Solanum africanum Mill.
Common names: dune nightshade, drunken berry, drunken rope (Eng.); dronkbessie, dronktou (Afr.)
A hardy creeper or shrub, with yellow-centered, purple, mauve or white flowers in midsummer to spring. It can be successfully utilized to cover a trellis or large, sandy, open patches in your garden.
This plant can be grouped with the perennial, herbaceous creepers. It acts also as a shrub when a supporting framework, like other plant growth, is available. It can grow up to 3 m tall in ideal conditions. The plant sends out shoots in all directions, which is easily observed when growing flat on the ground, without a support to keep it upright, and it is perhaps because of this growth habit, that it is at times referred to as the drunken rope or berry. The green leaves are simple, ovate to elliptic or sometimes lanceolate. The apex (tip of the leaf) is acute and the margin is often entire, however, this can be occasionally lobed.
The flowers appear in hanging clusters of up to 30 flowers at the branch tips, from midsummer to spring (Jan. –Oct.). They are purple, mauve or white, with yellow centres.
The ± 15 mm diameter fruit takes the form of a globose berry, which shows a black colour when ripe.
According to the Red List of South African plants, the conservation status of this plant species is at a low risk and, therefore, assessed as Least Concern (LC).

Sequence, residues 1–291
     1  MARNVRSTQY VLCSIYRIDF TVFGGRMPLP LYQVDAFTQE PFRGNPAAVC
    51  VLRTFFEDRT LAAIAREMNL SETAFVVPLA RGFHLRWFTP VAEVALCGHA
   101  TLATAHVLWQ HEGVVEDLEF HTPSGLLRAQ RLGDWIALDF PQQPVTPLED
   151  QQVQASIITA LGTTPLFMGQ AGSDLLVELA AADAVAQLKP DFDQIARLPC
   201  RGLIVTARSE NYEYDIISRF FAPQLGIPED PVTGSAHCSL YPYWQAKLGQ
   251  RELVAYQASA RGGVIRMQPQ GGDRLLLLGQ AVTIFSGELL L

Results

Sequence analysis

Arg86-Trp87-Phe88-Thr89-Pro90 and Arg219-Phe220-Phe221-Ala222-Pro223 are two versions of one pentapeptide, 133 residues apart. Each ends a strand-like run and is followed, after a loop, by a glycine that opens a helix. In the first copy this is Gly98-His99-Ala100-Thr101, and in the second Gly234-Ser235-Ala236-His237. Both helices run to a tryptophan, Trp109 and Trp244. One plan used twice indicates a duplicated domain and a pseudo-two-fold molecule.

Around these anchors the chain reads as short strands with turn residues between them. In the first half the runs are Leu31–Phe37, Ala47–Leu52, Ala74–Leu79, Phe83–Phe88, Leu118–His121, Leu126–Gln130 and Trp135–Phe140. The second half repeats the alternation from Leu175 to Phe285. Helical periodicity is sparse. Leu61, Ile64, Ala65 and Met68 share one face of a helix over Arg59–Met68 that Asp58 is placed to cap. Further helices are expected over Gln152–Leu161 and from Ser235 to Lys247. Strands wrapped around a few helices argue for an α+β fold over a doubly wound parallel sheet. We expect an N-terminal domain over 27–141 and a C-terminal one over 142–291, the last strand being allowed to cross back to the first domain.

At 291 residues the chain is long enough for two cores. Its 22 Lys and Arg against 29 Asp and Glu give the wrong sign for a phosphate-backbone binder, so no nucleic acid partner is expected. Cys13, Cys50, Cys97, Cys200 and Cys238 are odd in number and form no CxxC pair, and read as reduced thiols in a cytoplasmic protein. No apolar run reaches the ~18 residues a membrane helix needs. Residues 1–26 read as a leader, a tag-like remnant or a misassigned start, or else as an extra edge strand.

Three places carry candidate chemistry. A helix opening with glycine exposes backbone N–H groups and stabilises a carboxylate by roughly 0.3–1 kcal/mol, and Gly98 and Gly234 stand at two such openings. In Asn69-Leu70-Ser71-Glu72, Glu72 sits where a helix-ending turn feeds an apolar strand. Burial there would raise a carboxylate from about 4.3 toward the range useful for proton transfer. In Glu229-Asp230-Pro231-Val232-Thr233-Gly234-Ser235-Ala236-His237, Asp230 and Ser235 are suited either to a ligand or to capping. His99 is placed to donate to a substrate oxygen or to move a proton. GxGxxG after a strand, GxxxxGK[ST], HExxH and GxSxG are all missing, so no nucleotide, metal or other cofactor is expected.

Distribution and habitat
Solanum africanum is a South African endemic and is quite commonly found along the coastal dunes of South Africa, in the Eastern Cape, KwaZulu-Natal and the Western Cape. It grows well in soil with a good drainage; it grows optimally in areas with naturally sandy soils.
Derivation of name and historical aspects
The derivation of the genus name Solanum possibly stems from the Latin noun solamen, which means ‘to comfort’, this especially refers to the calming effects of some species of the Solanaceae, when eaten. The species name africanum refers to the continent, Africa, in Latin, where this species is found.
The Solanaceae is a family that has a worldwide distribution, being present on all continents except Antarctica; most species occur in South America and Central America. The Solanaceae represents a large group of flowering plants and includes shrubs, trees, annual and perennial herbs, epiphytes, and many agricultural crops and medicinal plants. Certain spices and weeds are also well known in this family. This family also includes some members that contain alkaloids which are highly toxic. The Solanaceae consists of about 98 known genera and about 2 700 species. The genus Solanum alone represents about 1 400 species, about 50 of these species occur in southern Africa and about 25 of them are recorded as indigenous.
Larvae of some species of Lepidoptera, for example butterflies and moths, utilize the plant as a food source. The berries are eaten by birds.
Some Solanum species are used for the benefit of humans, for example to produce medicine and also for food, however, Solanum africanum is not known to fall in this category other than to serve ornamental purposes and to help to stabilize loose ground surfaces, thus for filling the role of a secondary soil stabilizer.
Growing Solanum africanum